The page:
Tuesday, July 14, 2015

Pre-Iran Deal Text Thoughts

After days of anticipation, anonymous diplomats on both sides (Western and Iranian) have told reporters that there is a deal between the P5+1 and Iran potentially resolving the nuclear dispute.

While the text of the deal is not available yet, and they've yet to even announce the deal, what we've seen so far includes bits about IAEA access to military sites, and the arms and ballistic missile embargoes. It was also reported that all of the airplane related restrictions will be lifted, giving a much needed reprieve to Iran's dilapidated domestic air travel industry.

A big worry from the West is that the possible military dimensions (PMD) of Iran's nuclear program will remain unaddressed in the deal. To ensure that Iran doesn't cheat and create a nuclear weapon, the West wants the IAEA to have unfettered access to Iranian military sites, especially Parchin. Reuters seems to think that Iran will have the right to refuse access to the IAEA, though this refusal would mean that the P5+1 and Iran would convene and 'arbitration board' to discuss the reasons why the IAEA wants access and why Iran does not wish to give it.

Of course the West would want complete access to everything, but this is unrealistic. If Iran decides to cheat this could be a problem as the implementation, the timetable and the resolution process in a situation like this can be sensitive.

The arms and ballistic missile embargoes are a bit tricky because of how the White House's fact sheet claimed that these would continue. It was not stated that these would be phased out over time, so my primary concerns of an immediate lifting of the embargoes are alleviated for the time being. We also do not know exactly when the 5 and 8 year periods begin, and what the terms are.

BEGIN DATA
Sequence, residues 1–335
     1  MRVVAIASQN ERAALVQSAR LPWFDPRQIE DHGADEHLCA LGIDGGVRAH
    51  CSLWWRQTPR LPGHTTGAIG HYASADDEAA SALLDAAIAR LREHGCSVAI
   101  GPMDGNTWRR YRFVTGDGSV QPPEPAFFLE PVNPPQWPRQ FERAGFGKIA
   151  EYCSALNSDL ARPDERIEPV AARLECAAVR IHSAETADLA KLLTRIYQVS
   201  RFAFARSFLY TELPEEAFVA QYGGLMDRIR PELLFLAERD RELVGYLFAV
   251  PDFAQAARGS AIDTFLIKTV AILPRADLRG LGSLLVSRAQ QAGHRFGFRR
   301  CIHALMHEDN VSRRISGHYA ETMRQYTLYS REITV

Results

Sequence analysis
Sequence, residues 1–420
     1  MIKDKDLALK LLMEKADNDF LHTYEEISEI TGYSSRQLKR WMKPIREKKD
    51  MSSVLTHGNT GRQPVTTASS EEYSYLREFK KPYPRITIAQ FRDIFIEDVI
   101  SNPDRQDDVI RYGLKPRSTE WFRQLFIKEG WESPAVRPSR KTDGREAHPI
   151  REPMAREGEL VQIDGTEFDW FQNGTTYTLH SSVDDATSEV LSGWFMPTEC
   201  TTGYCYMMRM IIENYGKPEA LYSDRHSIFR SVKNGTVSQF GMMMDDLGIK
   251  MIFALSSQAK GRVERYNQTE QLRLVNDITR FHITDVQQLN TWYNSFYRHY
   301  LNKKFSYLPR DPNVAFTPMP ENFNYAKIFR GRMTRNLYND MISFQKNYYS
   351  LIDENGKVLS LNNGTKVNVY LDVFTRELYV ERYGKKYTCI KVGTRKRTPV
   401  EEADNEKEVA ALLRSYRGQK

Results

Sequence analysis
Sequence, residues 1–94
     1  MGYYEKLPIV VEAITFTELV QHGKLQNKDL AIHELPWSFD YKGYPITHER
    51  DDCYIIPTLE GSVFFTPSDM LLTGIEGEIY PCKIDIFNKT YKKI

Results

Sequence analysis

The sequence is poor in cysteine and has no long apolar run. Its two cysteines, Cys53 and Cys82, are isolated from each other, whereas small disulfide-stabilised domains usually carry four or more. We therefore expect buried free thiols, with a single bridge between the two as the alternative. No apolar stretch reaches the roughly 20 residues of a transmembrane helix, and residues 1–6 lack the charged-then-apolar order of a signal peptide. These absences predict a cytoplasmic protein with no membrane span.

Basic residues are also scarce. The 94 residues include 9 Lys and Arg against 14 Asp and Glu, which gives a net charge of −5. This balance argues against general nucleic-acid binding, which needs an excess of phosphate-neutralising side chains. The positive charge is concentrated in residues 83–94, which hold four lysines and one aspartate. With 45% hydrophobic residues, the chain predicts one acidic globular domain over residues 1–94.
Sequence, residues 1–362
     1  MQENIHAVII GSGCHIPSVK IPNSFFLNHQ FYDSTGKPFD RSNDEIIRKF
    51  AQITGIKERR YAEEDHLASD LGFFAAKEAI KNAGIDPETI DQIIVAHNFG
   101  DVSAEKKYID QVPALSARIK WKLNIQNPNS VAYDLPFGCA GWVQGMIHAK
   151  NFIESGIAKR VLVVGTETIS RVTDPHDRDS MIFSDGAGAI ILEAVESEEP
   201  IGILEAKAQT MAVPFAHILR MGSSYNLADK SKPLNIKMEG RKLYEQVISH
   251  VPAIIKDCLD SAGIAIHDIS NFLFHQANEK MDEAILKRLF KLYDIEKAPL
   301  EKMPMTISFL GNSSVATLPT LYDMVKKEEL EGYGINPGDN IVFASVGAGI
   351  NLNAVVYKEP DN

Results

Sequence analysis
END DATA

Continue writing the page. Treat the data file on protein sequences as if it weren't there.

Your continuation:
A major concern for me, even though I've been fairly supportive of the entire process under Obama (including outreach, sanctions and negotiations) is the inclusion of non-nuclear issues into the agreement. Iran has many problems including human rights and terrorism, but there have been efforts to keep these, and other regional concerns such as Yemen, Syria and ISIS (not to mention the Israel/Palestine conflict) out of the nuclear negotiations.

The aircraft industry restrictions pre-date the nuclear dispute and therefore one would think that this is not a part of the negotiations. While I personally think this should obviously be removed because it appears to be a civilian matter (there may be military or other reasons for these restrictions that I am unaware of), I find it troubling that they have been included along with the arms and missile embargoes. Even if these sanctions were motivated by the nuclear dispute, it is disturbing that even though White House explicitly stated that these non-nuclear issues would remain as is, they have somehow been included. It does not give much confidence in the PR abilities of the administration.

More to come (probably in a different blog)

*'Snap-back' sanctions are not addressed because they are too complicated and impossible to gauge without the actual text

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